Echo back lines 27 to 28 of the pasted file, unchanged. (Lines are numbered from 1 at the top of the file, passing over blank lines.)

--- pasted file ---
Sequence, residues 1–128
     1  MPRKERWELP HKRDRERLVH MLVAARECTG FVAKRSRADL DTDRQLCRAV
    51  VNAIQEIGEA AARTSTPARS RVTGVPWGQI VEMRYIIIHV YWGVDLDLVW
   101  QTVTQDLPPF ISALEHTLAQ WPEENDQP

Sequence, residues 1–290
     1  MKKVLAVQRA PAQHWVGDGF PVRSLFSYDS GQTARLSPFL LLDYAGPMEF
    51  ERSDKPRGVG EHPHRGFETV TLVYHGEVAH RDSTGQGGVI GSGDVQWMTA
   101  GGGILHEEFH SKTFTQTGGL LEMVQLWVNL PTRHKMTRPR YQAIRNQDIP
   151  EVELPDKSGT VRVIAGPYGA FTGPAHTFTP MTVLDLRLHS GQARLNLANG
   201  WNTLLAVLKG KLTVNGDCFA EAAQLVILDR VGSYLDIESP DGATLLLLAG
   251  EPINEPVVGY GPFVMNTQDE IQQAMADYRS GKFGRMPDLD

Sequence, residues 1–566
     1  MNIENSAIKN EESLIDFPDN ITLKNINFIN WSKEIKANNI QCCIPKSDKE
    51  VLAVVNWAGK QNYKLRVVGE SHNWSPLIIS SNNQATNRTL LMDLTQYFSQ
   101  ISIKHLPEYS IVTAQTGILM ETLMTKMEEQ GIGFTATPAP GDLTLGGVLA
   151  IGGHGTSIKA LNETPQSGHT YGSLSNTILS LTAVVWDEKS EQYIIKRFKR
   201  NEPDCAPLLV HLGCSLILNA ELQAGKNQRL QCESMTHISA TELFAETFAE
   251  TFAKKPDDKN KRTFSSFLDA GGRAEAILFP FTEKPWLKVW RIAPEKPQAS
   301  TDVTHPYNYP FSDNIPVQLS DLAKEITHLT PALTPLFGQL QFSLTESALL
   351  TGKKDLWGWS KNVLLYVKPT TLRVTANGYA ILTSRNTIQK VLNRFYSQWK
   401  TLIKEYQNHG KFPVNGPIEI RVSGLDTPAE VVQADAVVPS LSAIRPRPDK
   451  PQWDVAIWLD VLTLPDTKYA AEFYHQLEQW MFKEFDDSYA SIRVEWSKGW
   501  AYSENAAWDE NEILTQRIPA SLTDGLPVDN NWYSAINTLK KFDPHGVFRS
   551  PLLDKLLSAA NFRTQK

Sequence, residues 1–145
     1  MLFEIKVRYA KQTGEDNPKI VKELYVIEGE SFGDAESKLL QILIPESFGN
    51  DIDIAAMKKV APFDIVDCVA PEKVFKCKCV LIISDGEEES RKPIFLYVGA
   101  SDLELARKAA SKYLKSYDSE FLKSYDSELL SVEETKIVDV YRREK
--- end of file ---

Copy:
    51  DIDIAAMKKV APFDIVDCVA PEKVFKCKCV LIISDGEEES RKPIFLYVGA
   101  SDLELARKAA SKYLKSYDSE FLKSYDSELL SVEETKIVDV YRREK